‘Real Housewives’ Daniel Staub Says Series Made Her Consider Suicide

In light of the Real Housewives of Beverly Hills tragedy, former Real Housewife Daniel Staub spoke to ET about how the series creates pressure and promotes suicidal thoughts. Much like the claims that came out after Russell Armstrong’s suicide about his struggles to handle the pressure of the cameras and the constant need to keep up with the wealth of the other stars on the show, Staub says she too felt like she couldn’t keep up and that on multiple occasions, she sought a way out. Luckily, in Staub’s case, her children kept her from allowing those notions to take a real hold.

Even though we often see her take on reality television roles, like her latest on VH1’s Famous Food, it certainly brings to light that these people we like to watch on our televisions at home for our own vapid enjoyment are just that: people. There are two sides to every coin, and on one side we could simply say these women and men on The Real Housewives shows put themselves in this position and they have to deal with the consequences, but the other side is that they are still people and though they’re used as entertainment, these shows do affect their real lives. Staub goes on to say, “I don’t have words to describe how alone you feel. And everybody’s coming at you, and judging you, and they don’t even know you.” Love her or hate her based on her appearance on The Real Housewives of New Jersey, but the woman’s got a point.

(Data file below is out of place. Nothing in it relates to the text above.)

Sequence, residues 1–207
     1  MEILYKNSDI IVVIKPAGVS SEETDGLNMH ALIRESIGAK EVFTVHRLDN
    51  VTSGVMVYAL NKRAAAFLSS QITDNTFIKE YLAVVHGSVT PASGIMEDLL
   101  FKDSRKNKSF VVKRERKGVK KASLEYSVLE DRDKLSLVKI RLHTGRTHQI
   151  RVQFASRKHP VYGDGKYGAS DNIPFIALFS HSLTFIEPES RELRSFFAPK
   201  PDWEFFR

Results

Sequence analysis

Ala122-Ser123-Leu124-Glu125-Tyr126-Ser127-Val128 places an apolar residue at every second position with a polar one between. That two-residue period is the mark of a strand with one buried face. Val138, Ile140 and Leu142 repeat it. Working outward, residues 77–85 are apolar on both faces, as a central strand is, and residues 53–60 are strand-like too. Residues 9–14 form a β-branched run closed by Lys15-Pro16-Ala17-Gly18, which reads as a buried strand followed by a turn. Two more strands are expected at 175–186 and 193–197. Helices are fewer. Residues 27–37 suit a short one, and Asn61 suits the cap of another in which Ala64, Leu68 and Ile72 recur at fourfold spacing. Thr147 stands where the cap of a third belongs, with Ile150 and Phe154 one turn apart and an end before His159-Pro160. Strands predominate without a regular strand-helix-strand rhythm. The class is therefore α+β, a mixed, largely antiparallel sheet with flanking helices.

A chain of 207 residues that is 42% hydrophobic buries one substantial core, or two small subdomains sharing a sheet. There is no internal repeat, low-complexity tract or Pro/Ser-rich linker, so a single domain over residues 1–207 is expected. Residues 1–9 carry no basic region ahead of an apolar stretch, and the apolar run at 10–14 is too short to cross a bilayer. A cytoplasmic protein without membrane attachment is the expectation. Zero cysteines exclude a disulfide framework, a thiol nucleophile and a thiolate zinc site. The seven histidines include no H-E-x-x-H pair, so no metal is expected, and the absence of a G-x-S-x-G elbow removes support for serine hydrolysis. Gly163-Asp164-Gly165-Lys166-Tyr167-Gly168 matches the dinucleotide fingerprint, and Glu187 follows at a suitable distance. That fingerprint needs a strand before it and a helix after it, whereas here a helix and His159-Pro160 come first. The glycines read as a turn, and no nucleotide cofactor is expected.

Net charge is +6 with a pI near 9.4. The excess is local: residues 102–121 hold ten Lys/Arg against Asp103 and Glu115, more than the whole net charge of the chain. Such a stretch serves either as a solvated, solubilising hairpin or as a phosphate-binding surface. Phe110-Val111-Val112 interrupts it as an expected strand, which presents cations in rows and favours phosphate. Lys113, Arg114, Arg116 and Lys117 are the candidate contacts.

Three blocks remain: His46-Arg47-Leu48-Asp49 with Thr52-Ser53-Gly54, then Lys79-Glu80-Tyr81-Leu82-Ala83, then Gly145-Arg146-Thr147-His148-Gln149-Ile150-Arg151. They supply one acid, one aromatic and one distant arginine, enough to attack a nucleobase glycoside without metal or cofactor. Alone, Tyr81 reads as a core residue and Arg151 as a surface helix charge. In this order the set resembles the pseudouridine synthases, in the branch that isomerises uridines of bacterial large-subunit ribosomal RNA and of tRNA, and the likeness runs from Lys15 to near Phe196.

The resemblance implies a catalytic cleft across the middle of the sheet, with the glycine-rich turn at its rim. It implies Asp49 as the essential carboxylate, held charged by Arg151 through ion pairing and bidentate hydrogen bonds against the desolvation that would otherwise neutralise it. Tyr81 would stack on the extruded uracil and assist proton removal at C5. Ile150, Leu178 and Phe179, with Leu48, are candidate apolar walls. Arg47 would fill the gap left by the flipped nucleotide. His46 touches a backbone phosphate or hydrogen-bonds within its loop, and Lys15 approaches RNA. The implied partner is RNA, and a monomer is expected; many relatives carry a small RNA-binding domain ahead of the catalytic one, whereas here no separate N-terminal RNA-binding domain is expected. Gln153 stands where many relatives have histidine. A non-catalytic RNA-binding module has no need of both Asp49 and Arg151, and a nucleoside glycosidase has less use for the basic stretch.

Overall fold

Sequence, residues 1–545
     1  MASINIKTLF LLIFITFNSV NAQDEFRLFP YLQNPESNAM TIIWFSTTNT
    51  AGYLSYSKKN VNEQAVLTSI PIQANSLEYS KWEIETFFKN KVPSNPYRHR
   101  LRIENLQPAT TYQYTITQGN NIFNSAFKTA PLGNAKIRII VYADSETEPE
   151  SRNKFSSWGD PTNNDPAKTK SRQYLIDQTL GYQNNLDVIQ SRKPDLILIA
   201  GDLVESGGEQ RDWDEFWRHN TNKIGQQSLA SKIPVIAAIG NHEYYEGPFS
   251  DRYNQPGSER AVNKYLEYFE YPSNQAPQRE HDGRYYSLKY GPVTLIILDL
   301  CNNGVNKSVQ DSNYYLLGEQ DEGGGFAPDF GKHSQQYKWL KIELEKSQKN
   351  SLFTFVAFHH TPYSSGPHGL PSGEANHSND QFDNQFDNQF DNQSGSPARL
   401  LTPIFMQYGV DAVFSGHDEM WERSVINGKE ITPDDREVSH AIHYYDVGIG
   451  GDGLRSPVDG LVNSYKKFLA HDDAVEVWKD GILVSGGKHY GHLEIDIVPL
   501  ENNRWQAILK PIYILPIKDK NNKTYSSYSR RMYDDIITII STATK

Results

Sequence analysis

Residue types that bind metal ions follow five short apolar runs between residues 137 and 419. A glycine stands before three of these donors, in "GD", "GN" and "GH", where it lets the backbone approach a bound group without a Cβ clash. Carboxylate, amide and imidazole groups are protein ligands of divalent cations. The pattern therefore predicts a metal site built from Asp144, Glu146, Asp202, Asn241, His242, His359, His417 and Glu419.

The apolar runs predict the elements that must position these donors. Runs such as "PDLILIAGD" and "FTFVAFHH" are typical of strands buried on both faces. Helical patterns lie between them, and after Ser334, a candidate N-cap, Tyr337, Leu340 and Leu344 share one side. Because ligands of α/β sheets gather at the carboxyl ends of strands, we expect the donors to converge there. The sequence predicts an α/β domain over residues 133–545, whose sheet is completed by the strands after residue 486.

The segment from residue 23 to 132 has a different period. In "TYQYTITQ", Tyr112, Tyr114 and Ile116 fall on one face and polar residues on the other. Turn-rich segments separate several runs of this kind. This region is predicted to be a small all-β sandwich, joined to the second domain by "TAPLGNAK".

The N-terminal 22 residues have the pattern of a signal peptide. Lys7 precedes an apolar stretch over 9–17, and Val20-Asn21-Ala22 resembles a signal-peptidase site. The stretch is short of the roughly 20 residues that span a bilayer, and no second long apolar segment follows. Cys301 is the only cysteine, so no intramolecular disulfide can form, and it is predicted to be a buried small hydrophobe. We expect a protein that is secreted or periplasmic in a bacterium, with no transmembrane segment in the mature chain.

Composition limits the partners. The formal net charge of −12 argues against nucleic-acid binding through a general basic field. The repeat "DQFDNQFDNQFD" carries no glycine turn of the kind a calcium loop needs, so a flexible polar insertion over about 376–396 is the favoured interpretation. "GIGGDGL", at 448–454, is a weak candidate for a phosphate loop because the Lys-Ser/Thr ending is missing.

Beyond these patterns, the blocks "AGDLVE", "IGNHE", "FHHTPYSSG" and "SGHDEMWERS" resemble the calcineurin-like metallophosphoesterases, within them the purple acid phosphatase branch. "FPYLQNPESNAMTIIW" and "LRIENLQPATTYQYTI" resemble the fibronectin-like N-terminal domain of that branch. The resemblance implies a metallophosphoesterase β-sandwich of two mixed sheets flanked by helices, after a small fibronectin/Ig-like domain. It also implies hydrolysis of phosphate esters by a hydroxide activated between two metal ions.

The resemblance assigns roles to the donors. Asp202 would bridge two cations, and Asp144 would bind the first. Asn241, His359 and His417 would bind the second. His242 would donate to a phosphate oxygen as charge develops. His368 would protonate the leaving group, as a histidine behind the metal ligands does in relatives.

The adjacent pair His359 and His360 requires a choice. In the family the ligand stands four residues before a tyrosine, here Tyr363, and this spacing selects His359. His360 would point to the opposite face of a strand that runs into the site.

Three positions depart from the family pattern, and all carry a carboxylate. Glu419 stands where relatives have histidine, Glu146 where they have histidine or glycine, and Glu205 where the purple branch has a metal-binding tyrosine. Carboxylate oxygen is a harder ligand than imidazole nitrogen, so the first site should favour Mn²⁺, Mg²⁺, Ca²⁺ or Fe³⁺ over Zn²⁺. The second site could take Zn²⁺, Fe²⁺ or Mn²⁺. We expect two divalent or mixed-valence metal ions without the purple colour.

If you want to hear everything she had to say, watch the whole interview below.

Source: AOL TV

Celebrity Editor Kelsea Stahler was born in a pile of dirt. Okay, she was actually born in an old Naval hospital in San Diego, which then became a pile of dirt and remained as such for a number of years before becoming a parking lot perfectly sized for circus tents, and finally a museum. She eventually left San Diego to attend New York University, where she studied Journalism and English literature — two less-than profitable liberal arts degrees about which guidance counselors warned her. Against all odds, she now resides in Brooklyn, where she fights the constant fear that the locals will soon discover she isn’t quite cool enough to live there, and makes a living writing absurd, pop culture features about Batman, zombies, vampires, funny people, and Ron Swanson.

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